Jump into Bin 38: Founder Books

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Anyone remember the Bin 38 debacle? Well this is not anywhere near as interesting. Daniel Debow and a group of startup CEOs had dinner last week. They each shared their must read books for founders. Daniel shared the list on Facebook.

  1. Founders at Work: Stories of Startups’ Early Days
  2. The Art Of The Start
  3. The 22 Immutable Laws of Marketing: Violate Them at Your Own Risk
  4. Business Model Generation: A Handbook for Visionaries, Game Changers, and Challengers

  5. Guanxi (The Art of Relationships): Microsoft, China, and Bill Gates’s Plan to Win the Road Ahead
  6. ZAG: The #1 Strategy of High-Performance Brands
  7. The Difference Between God And Larry Ellison: *God Doesn’t Think He’s Larry Ellison
  8. Who: The A Method for Hiring
  9. Sources of Power: How People Make Decisions
  10. The Sciences of the Artificial
  11. I’m Feeling Lucky: The Confessions of Google Employee Number 59
  12. SPIN Selling
  13. How to Win Friends and Influence People
  14. The Innovator’s Dilemma: The Revolutionary Book That Will Change the Way You Do Business
  15. The Effective Executive: The Definitive Guide to Getting the Right Things Done
  16. Predictably Irrational Revised And Expanded Edition: The Hidden Forces That Shape Our Decisions
  17. Information Rules: A Strategic Guide to the Network Economy
  18. Crossing The Chasm: Marketing and Selling Disruptive Products to Mainstream Customers
  19. Inbound Marketing: Get Found Using Google, Social Media, and Blogs
  20. The Lean Startup: How Today’s Entrepreneurs Use Continuous Innovation to Create Radically Successful Businesses
  21. The Four Steps to the Epiphany: Successful Strategies for Startups that Win
  22. Influence: The Psychology of Persuasion
  23. Positioning: The Battle for Your Mind

What books do you think are essential for startup founders to read?

Comments on Hacker News

CIX Top 20 – 2012

CIX Top 20 Canada's Hottest Innovative Companies

We’ve written about CIX Top 20 Follow @CIXCommunity in 20082009, 2010 and 2011. So you’ll be shocked to find that I’m writing about it again in 2012.

What is CIX?

“The CIX Top 20 is an elite index of the most forward-looking companies in the Canadian innovation ecosystem, and connects the key players driving technology-based business both in Canada and beyond.”

Who should apply?

“The CIX Top 20 is open to any Canadian company working in Digital Media or Information and Communication Technology with annual revenues under $10 million.”

Why do you care?

These are some of the leading companies in Canada. Don’t believe me, past participants include:

Alright, there probably is a correlation between the success of these companies and their CIX submission and attendance. But CIX is an amazing opportunity for Canadian startups to generate attention, drive awareness with investors and media, get input and feedback in a safe environment and start to build connections.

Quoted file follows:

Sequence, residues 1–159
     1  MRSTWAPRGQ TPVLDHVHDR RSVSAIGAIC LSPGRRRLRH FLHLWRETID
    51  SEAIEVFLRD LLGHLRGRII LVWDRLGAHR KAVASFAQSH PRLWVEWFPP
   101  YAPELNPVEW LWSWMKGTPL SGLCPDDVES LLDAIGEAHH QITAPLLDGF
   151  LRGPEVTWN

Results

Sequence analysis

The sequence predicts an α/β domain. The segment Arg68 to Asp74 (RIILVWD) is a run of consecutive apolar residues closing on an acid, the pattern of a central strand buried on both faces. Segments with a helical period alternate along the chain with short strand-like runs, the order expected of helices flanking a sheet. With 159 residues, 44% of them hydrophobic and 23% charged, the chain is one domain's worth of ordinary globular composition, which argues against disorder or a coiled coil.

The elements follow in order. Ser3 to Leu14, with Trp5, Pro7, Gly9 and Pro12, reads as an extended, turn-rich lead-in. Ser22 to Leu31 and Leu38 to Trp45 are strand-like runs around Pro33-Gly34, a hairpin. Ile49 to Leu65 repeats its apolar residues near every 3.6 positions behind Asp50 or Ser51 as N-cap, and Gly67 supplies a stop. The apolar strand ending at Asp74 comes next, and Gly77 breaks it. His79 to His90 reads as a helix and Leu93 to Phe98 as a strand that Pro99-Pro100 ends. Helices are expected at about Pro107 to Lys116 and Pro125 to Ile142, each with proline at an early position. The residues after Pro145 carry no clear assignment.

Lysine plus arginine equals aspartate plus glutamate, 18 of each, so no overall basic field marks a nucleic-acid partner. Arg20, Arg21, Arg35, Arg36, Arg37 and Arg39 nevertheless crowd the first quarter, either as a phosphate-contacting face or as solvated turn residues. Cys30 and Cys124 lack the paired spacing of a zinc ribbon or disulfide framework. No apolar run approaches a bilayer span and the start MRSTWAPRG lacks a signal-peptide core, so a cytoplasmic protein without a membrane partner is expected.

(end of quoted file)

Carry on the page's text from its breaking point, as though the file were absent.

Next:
You miss 100% of the shots you don’t take.” Wayne Gretzky

Nothing is foregone conclusion, as in past performance is not an indicator of future success. But you can’t win if you don’t apply (follow the directions on the bottom of the page).

Workbrain Children

Joey deVilla, Austin Hill, and I (here & here) have written about one of the best indicators of a strong startup community is the number of repeat entrepreneurs and the number of successful follow on/spinout companies. It’s the “Fairchildren” principle that is one of the many complex factors attributed to the rise of Silicon Valley.

Workbrain agreed to be acquired back in April 2007 for $227M. This was one of the largest software acquisitions in recent history in Toronto, Platespin’s $205M acquisition by Novell being the other. It has been 2 years since the the announcement, and it appears that many of the Workbrain’s ex-founders and senior executives are starting to turn up running the next generation of Toronto startups poised for massive success.

  • dayforce 
    Dayforce is an enterprise solution that enables companes to integrate performance with planning, scheduling and management of their workforce. The company’s management team is a mix of ex-Workbrain leadership (David Ossip, Paul Sandusky, Ozzie Goldschmied, Warren Perlman) and new blood (Bob Brooks & John Orr [Note: Andrew Giblon comments John Orr was previously the VP Industry/Retails Solutions at Workbrain]). The company is building a world-class enterprise application. Dayforce launched on April 16, 2009, roughly 2 years after the Workbrain acquisition. There’s no data about the funding, but one would guess that David Ossip is able to bootstrap.
  • rypple 
    Rypple is a bottom up solution to collaborative performance management. It is a collaborative tool that enables employees and managers to request and give near real-time feedback about their performance. The team is also a mix of ex-Workbrain founders (Daniel Debow, David Stein, Tihomir Bajic, David Priemer) and new talent (George Babu, Ryan Dewsbury, Jay Goldman, and others). Rypple is funded by Peter Theil, EdgeStone Capital, Roger Martin, Seymour Schulich, and others. That’s some heavy valley hitters and some of Canada’s most respected busines individuals.

These are 2 very prominent Toronto-based startups that are poised to knock it out of the park (again). And it provides further proof, that one of the best training grounds for young entrepreneurs is to work in successful companies. By the way, both Dayforce and Rypple are hiring.

Are there other Workbrain children?